An absolutely breathtakingly, beautiful day. A deep clear blue sky and bright warm sunshine. At half past seven, when I went downstairs to make David’s sandwiches I heard a pitiful meowing at the door. As I opened the back door a little black cat was trying franticly to get in.

“Kitty Puss” has arrived. He’s a lovely little black cat. Very gentle and friendly: I love him! Kitty Puss stayed all day. He is a lovely cat, gentle friendly nature, clean and does not mind Cindy. As long as he will stay he has a home. He slept on our bed for two hours and didn’t want to wake up. I’ve fed him and made him a toilet. He had meat, milk, cream and cheese.

While Kitty and Cindy were out playing I heard a dreadful racket, as if a cat had got hold of a young bird. I put Kitty in the kitchen and went to investigate. Next door’s cats had trapped a Weasel under a bin. At this time of year Weasels come near human dwellings to look for a warm sleeping place for Winter. The Weasel had a cheeky triangular head, no bigger than a 10p piece, and bright beady-brown eyes, chocolate brown fur, a two inch tail and a yellow chest. It peeped out at me chattering away like mad. I chased the cats away so allowing the Weasel to escape to the undergrowth – which it did rapidly.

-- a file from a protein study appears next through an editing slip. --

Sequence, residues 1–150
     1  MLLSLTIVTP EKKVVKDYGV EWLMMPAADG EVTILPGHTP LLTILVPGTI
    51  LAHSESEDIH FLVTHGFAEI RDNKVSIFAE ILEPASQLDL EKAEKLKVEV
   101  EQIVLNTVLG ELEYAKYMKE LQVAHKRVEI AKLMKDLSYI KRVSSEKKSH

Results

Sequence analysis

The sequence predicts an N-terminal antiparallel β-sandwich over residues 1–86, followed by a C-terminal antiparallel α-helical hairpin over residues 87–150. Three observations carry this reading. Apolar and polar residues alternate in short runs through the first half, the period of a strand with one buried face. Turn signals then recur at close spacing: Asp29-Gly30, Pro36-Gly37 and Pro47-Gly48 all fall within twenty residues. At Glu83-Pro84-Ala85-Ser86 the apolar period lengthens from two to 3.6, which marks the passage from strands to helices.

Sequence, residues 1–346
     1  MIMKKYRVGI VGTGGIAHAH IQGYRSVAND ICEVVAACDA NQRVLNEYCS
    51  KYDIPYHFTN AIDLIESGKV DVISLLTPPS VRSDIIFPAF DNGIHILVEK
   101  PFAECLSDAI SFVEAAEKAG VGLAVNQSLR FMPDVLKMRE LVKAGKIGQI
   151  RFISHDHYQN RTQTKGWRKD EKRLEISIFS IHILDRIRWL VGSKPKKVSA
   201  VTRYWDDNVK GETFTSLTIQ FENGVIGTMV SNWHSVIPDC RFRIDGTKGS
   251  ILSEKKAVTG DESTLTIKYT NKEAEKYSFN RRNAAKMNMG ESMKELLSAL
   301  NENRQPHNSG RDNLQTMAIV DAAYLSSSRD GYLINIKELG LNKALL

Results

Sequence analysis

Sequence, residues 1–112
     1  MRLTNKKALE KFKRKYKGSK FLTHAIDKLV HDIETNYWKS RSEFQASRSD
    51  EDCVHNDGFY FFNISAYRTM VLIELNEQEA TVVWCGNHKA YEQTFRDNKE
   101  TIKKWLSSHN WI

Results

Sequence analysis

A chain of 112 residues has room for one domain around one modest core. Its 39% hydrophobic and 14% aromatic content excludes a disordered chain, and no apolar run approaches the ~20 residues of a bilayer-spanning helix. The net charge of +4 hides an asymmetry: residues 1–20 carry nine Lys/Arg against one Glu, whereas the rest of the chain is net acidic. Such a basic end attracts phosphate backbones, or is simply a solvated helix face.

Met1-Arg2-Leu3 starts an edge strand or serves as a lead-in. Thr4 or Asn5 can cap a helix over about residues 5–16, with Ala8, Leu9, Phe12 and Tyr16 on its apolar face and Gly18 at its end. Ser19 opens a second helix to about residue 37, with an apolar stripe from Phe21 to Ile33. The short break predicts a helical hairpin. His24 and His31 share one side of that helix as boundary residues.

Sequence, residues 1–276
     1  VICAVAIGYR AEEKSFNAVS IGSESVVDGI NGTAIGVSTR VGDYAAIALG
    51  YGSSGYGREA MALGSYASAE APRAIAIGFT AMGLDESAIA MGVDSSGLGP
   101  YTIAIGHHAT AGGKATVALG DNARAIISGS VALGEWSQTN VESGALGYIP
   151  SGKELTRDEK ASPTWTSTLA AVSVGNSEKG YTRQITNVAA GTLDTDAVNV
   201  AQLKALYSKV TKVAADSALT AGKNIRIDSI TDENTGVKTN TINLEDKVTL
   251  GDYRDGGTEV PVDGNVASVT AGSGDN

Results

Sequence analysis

September 20th
Got application form for a job at a local school

September 21st
The weather is sunny with clouds and it is unbelievably warm. The warm wind seems to caress the earth as it passes by.

September 22nd
Got interview next Friday for work at Marks and Spencer’s.

At half past three this morning I had to go downstairs to comfort Cindy during a thunder storm. The forks of lightening frighten her. She settled down by the side of David. He’s great with animals, especially dogs. When day broke the air was a lot fresher after the night’s storm.

September 24th
A beautifully warm, sunny day. Went to Belmont. In Nancy's garden six Small Tortoiseshells and eight Red Admirals were sunning themselves and feeding on flowers. In the evening I sat under starlight at the front door, watching three small Bats chasing after insects for their supper.

About a week ago, David saw a Cormorant at Delph Reservoir. Sea birds come inland much more than people seem to realise. Often they come to escape bad weather at sea, but also for food and to find nesting sites.

Continued 1989 October